Question: When casting and building the show, Rachel and Hadestown’s production team were extremely mindful of diversity and inclusion. Anaïs, did you write Hadestown with particular people in mind?
Anaïs Mitchell: All of Rachel’s shows are gloriously diverse. Theater depicts and celebrates humanity, and humanity is diverse. The main thing we were looking for in our casting was a kind of singular rockstar unicorn quality. The music is really built for people to bring the individual force of their personality to it.
Question: Rachel, did you intend to build a diverse cast?
Rachel Chavkin: Oh, absolutely! I think diversity is inextricable from excellence, and I think all too often people, and in particular the dominant culture tends to frame it as a choice that you have to make between diversity and excellence. I personally think it’s the opposite. I think a [diverse] room is far more interesting, just purely on a dramatic level. It’s so much better stylistically, emotionally to have varied voices. And so yes, with Hadestown specifically, we have reaffirmed time and again that racial diversity in particular is core to our vision of excellence.
Question: When Hadestown moved to Broadway, the show sought out theater critics of color to review it. Was it important to you to get a wide variety of critiques of the show?
Anaïs Mitchell: We desperately need a diversity of voices in our criticism. How else will criticism be able to speak to people in a meaningful way?
Question: Rachel, can you tell me why creating spaces for diversity and inclusion in your projects is so important to you?
Rachel Chavkin: I think specifically because I am a white woman in the sense that I am part of half the world’s population that can live our lives every day with the knowledge that we are vulnerable to the other half of the world’s population. I have felt gender as a determinant in my career path multiple times and in multiple ways. I have experienced sexual harassment and sexual assault and so I am on that side of the equation of when it comes to that. And at the same time, I have enormous privilege that comes with whiteness, that also comes with having two highly educated parents who made me the center of their [world]. I grew up enormously fortunate in terms of my family’s ability to invest in me and my interests. To quote a franchise, with great power comes great responsibility. I had the ability.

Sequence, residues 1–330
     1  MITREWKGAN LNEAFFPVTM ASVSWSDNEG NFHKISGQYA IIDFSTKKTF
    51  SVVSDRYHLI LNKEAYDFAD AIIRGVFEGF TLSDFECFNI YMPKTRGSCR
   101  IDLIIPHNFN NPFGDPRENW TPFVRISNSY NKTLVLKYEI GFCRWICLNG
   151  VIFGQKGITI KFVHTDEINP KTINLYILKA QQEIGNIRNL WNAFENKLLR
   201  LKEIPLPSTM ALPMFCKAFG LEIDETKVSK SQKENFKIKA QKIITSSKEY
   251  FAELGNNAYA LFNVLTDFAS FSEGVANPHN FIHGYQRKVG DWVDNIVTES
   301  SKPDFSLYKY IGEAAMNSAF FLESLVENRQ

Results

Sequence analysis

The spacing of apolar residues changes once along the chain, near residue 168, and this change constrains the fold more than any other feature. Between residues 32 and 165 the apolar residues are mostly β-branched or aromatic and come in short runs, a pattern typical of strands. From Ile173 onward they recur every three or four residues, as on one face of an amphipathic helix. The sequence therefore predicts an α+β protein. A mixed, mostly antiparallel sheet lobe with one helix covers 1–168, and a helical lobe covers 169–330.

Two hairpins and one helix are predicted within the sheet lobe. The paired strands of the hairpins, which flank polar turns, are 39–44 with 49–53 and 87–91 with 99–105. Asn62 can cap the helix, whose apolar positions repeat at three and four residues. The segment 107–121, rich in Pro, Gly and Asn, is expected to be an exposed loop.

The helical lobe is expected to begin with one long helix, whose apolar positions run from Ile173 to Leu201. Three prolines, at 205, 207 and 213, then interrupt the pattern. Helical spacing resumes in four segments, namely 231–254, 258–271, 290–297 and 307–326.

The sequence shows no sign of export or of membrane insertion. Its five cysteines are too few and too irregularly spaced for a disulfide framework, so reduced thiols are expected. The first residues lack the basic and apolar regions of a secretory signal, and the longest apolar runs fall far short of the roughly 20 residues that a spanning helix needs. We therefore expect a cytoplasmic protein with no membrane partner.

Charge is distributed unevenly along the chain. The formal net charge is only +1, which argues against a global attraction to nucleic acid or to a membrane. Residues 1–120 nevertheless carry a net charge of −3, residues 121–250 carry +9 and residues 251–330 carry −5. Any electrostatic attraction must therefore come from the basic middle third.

Question: The show has traveled a lot pre-Broadway. How have the out-of-state audiences influenced the editing of the show?
Anaïs Mitchell: Hadestown had a very long road to Broadway, with pitstops not just out of state but out of country. We did a production in Edmonton (Canada) in 2017 and then London’s National Theatre in 2018. The Edmonton production was so important, as we were trying to figure out how to “scale-up” the show from the tiny, in-the-round version at New York Theater Workshop, to a proscenium-style theater, with a larger ensemble of actors. We learned so much from those Canadian audiences about what the show did—and didn’t—want to be. It was powerful to perform the show in London on the Olivier Stage that has presented so many classic Greek works and Shakespeare plays. I remember Rufus Norris, the director of the National Theatre, expressing views that often put art before commerce—for example, he was not a great fan of “buttons” (those zazzy definitive endings of songs that encourage the audience to applaud, which appear SO often on Broadway). And it felt timely to be telling this tale in the UK in the thick of Brexit. It’s incredible the way there are regional differences in terms of which lines people find funny, which scenes they find tragic, which songs make them dance in their chairs.